Although, considering how often I would get healed or resurrected by bots, I should’ve realized they weren’t humans sooner. The allure of the sword-swinging soldier class or the fireball-launching wizard is a little too hard to resist for most players (myself included), so the healer tends to be neglected. Good thing you can count on empathetic robots to watch your back.
One character across all modes
Happy Wars features a few different gameplay modes: traditional multiplayer, co-op, and a story-based campaign. Co-op is just like multiplayer, except one team is all AI-controlled, and the campaign is just like that except everyone is AI-controlled (other than you, obviously) and there’s some wacky plot conceit to explain why you’re trying to kill an army of robots, or tomato people, or whatever.
The best thing about these modes is that the characters you create for multiplayer stay consistent throughout all of them. That means you can level a character in co-op to give them a better chance online, or you can take that same character into the campaign and unlock special items for them that might give you more of an edge against real opponents.
It’s not ground-breaking or anything, but when games like Call of Duty are so clearly delineated between their modes, being able to grind a character against bots and then see how they fare online is a good way to ease in newer players.
WHAT YOU WON’T LIKE
You’re constantly doing the same thing
Unfortunately, those different modes you can take your characters into all end up being the same basic thing. What I was tip-toeing around up above is that the only major difference between the multiplayer, co-op, and single-player is how many of the other people playing are, you know, people. No matter what, you end up charging out of your starting castle, running to claim the towers, and then killing everyone on the other team as fast and often as you can. The campaign will shake things up a bit, asking you to kill specific targets, but it’s not enough of a difference to actual feel like you’re doing something new.
The control points-style multiplayer game is very popular these days, and with good reason, since it combines the simplicity of deathmatch with some very manageable goals to create an objective-based style that can still be enjoyed by the players who would rather just kill everyone in their path. It’s like the Reese’s Peanut Butter Cup of multiplayer modes. Sure it’s delicious, but when it’s the only thing you have to eat you’ll get very sick very fast.
It’s important for any game to hold your attention, but it’s especially important for one that’s free-to-play. More people playing for longer periods of time means more people who are likely to spend money, but when it’s too easy to get bored, it’s very easy to stop playing.
The action gets hard to follow
When you and 14 other people are all trying to whack another group of 15 people with weapons, it can get a little confusing. It’s hard to tell which one you are and which ones you’re trying to murder. Throw in team identification in the form of a red or blue name and arrow above everyone’s head that is just a little bit too small and it becomes even harder to discern who you’re supposed to attack.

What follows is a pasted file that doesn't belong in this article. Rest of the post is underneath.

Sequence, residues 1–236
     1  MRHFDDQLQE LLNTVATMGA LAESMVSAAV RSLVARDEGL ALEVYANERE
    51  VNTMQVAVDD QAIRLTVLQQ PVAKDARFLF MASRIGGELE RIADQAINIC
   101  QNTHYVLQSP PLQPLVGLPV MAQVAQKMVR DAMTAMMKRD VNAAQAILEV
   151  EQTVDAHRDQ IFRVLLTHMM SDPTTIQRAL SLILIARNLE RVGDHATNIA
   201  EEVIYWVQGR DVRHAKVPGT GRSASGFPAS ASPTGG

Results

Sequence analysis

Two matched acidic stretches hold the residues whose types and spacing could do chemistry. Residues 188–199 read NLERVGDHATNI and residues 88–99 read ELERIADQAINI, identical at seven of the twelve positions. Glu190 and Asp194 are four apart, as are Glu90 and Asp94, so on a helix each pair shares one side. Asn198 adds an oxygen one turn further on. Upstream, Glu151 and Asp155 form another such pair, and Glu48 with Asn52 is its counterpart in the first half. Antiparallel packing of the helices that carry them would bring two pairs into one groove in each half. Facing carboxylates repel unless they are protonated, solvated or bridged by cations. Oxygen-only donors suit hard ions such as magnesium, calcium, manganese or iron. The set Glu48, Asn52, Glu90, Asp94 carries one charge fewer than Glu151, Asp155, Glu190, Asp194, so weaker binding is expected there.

It’s reminds me of the great triumph of Team Fortress 2, which is the way that you can instantly tell what team someone is on and what class they are. In Happy Wars, it may only take you half of a second to figure out the same information, but that’s a half of a second that you will probably spend dying, so it’s an issue.
Also, this is a problem that the bots won’t have, making their competence a little frustrating.
You might want to keep your iPod handy
The soundtrack in Happy Wars is the usual generic fantasy-type score that wouldn’t seem out-of-place in a ripoff of Final Fantasy or Dragon Quest. It’s not bad, but like sameness of the gameplay modes, it gets pretty tiring when that’s all there is.
In-game, the expected array of sound effects (screaming, whooshing swords, exploding fireballs) break things up, but I ran into a bug several times that muted everything except the music and added a certain eeriness to the battles.
Unless you have friends and can talk to them while you play, these issues with the audio make Happy Wars excellent for listening to podcasts. I thought this was great, since I had a big backlog of This American Life episodes I needed to get through, but that’s hardly a mark of quality for any video game.
Happy Wars won’t change the world, but as the first shot fired in Microsoft’s push to bring free-to-play gaming to the Xbox, there’s a lot here to like. There’s minimal pressure to spend any money, the AI-controlled bots are intelligent enough to fool particularly stupid game reviewers, and the battles manage to be adorable and epic at the same time. Unfortunately, the repetitiveness in the sound design and gameplay makes the excitement level drop too quickly, but not enough to make it hard to recommend giving the game a try. It is free, after all. The only thing you have to lose is hard-drive space.
Happy Wars was released October 12, 2012 for the Xbox 360. The publisher provided GamesBeat with an early download code and free in-game money for the purpose of this review.